Two new loci, prrB and prrC, involved in the positive regulation of photosynthesis gene expression in response to anaerobiosis, have been identified in Rhodobacter sphaeroides. prrB encodes a sensor histidine kinase that is responsive to the removal of oxygen and functions through the response regulator PrrA. Inactivation of prrB results in a substantial reduction of photosynthetic spectral complexes as well as in the inability of cells to grow photosynthetically at low to medium light intensities. Together, prrB and prrA provide the major signal involved in synthesis of the specialized intracytoplasmic membrane (ICM), harboring components essential to the light reactions of photosynthesis. Previously, J. K. Lee and S. Kaplan (J. Bacteriol. 174:1158-1171, 1992) identified a mutant which resulted in high-level expression of the puc operon, encoding the apoproteins giving rise to the B800-850 spectral complex, in the presence of oxygen as well as in the synthesis of the ICM under conditions of high oxygenation. This mutation is shown to reside in prrB, resulting in a leucine-to-proline change at position 78 in mutant PrrB (PRRB78). Measurements of mRNA levels in cells containing the prrB78 mutation support the idea that prrB is a global regulator of photosynthesis gene expression. Two additional mutants, PRRB1 and PRRB2, which make two truncated forms of the PrrB protein, possess substantially reduced amounts of spectral complexes. Although the precise role of prrC remains to be determined, evidence suggests that it too is involved in the regulatory cascade involving prrB and prrA. The genetic organization of the photosynthesis response regulatory (PRR) region is discussed.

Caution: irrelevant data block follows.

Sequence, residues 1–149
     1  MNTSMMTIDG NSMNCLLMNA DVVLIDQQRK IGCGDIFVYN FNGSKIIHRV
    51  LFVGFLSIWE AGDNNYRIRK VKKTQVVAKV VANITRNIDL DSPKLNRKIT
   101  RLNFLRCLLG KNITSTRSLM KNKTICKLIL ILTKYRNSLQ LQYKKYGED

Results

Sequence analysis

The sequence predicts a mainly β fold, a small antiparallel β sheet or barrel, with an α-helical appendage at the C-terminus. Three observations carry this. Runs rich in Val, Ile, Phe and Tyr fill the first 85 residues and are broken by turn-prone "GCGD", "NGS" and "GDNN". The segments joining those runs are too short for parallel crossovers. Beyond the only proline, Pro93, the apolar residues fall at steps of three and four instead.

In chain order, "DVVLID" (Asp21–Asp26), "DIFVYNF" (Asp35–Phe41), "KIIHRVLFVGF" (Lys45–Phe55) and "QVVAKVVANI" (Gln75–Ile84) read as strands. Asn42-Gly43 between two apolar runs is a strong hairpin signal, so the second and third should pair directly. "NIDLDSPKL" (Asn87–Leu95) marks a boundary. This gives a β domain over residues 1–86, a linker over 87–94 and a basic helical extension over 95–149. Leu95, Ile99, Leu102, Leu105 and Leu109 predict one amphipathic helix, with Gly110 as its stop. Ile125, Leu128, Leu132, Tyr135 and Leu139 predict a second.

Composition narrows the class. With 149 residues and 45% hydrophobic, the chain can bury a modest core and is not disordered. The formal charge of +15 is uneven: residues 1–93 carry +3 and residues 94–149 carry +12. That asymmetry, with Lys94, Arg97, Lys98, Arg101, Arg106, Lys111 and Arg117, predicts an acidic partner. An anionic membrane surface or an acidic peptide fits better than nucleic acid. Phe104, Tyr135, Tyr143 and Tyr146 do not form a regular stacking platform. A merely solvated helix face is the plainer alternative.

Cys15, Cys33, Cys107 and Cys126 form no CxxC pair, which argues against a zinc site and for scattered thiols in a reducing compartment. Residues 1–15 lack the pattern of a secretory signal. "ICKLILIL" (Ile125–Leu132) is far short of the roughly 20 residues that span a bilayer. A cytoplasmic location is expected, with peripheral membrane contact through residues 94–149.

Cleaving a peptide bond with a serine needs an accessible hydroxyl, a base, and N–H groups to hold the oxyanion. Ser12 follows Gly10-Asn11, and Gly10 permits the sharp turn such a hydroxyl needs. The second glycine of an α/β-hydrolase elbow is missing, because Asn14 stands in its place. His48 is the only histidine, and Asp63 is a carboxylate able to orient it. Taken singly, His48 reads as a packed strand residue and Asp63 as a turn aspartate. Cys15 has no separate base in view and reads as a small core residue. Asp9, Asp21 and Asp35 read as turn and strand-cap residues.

ASJC Scopus subject areas
- Molecular Biology